Researchers identified that a gene that causes vitamin D deficiency may also cause MS
Researchers at Oxford University identified that a gene that causes vitamin D deficiency may also cause MS. Growing evidence suggests that there is a link between vitamin D and MS. Subsequent studies have established that the closer people live to the equator the lower the risk of developing MS, and sunlight is strongly implicated as a cause. [Sreeram V Ramagopalan D.Phil, David A Dyment MD, D.Phil, M Zameel Cader MD, D.Phil, Katie M Morrison MSc, Giulio Disanto MD, Julia M Morahan PhD, Antonio J Berlanga-Taylor MD, Adam Handel MD, Gabriele C De Luca MD, D.Phil, A Dessa Sadovnick PhD, Pierre Lepage PhD, Alexandre Montpetit PhD, George C Ebers MD, FRCP, FmedSci. Epub ahead of print. Annals of Neurology. DOI: 10.1002/ana.22678]
The DNA of 43 individuals with MS from families with 4 or more affected individuals was analyzed. It was noted that these individuals have a rare mutation in the CY27B1 gene. Further analysis of the DNA database from the Canadian Collaborative Project on the Genetic Susceptibility to Multiple Sclerosis (CCPGSMS) found that parents who had the mutated gene, transmitted it to their children.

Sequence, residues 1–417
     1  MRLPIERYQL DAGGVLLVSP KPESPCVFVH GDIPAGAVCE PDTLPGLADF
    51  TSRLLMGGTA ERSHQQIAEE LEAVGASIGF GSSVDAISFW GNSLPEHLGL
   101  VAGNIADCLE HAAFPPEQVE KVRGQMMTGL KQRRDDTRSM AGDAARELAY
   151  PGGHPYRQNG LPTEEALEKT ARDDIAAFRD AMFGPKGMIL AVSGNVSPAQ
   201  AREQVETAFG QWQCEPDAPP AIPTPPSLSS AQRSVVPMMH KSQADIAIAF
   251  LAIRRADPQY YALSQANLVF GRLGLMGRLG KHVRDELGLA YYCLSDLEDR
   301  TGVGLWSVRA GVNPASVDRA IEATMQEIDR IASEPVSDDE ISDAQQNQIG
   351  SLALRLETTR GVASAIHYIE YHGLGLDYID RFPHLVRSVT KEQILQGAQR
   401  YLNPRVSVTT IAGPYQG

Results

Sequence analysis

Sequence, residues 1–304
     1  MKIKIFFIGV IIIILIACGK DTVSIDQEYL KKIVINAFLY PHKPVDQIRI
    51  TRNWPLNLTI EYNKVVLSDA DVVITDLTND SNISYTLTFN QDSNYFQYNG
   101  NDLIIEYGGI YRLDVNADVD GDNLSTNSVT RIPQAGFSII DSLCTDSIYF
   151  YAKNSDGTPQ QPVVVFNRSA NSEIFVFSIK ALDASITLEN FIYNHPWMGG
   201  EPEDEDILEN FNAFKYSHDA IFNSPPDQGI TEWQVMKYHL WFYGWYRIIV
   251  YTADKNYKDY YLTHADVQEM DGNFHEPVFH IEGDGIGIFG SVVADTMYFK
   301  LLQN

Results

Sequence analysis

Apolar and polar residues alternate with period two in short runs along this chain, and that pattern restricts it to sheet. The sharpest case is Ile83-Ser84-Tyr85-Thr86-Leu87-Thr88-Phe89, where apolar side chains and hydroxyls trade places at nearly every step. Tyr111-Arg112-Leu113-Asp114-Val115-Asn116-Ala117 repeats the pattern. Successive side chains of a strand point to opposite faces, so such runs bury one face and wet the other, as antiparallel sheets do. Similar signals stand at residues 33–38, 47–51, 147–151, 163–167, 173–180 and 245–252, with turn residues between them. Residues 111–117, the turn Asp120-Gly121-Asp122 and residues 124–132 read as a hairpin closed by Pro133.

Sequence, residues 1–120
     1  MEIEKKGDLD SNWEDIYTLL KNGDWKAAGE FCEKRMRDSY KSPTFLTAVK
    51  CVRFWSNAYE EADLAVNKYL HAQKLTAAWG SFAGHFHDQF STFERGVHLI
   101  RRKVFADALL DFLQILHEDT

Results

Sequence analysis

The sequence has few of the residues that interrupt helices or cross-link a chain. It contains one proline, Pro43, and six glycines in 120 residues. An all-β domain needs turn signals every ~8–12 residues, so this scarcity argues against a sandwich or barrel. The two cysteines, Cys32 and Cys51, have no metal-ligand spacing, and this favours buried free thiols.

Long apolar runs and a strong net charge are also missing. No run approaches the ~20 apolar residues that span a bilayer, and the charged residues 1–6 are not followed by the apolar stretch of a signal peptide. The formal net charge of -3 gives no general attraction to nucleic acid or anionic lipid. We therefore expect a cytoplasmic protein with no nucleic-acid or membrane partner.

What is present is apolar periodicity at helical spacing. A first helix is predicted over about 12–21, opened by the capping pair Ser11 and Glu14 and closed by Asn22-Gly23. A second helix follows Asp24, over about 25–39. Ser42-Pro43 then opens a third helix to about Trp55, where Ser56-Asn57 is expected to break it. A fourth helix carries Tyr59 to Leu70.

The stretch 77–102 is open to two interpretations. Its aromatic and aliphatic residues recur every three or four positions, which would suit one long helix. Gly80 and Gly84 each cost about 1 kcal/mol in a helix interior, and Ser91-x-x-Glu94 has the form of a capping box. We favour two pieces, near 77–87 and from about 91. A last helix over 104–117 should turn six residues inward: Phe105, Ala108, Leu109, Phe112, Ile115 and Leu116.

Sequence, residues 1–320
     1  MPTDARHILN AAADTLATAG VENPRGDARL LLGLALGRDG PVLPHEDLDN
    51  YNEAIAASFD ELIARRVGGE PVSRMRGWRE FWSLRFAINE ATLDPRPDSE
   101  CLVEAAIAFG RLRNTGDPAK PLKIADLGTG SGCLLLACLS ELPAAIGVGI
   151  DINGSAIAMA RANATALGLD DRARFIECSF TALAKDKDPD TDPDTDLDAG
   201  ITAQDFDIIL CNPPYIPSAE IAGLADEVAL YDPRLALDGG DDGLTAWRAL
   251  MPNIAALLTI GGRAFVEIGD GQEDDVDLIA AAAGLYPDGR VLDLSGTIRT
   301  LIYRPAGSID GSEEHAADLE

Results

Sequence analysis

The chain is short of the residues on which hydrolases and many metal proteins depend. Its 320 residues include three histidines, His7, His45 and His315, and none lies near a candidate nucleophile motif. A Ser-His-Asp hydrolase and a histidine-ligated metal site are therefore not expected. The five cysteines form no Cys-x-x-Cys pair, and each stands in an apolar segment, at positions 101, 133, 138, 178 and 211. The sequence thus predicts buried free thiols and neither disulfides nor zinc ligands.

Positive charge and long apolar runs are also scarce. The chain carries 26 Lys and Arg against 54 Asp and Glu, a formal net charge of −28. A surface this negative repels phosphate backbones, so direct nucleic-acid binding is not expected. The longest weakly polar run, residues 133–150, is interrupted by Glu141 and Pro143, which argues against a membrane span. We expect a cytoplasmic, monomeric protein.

It is known that two copies of this mutation results in vitamin D dependent rickets (which can lead to the softening and weakening of bones), while one copy of the mutation results in lower levels of calcitriol (a hormonally active form of vitamin D). Substantial association with the single copy mutation was found with the double copy mutation in 3,046 parent-child trios with MS. After determining the differences in the genetic make-up of 12,500 individuals, it was further discovered that additional loss of operation with the CYP27B1 variant presented considerable risk of MS. In 35 out of 35 instances, parents with one copy of the mutation transferred those genes to children with MS.
This research is demonstrating a correlation between the loss of function of CYP27B1 mutations with MS and low levels of vitamin D, further indicating the importance of studying vitamin D linkage to MS.
The MS Society of Canada will continue to follow advances in this area of research and will provide updates as they become available.
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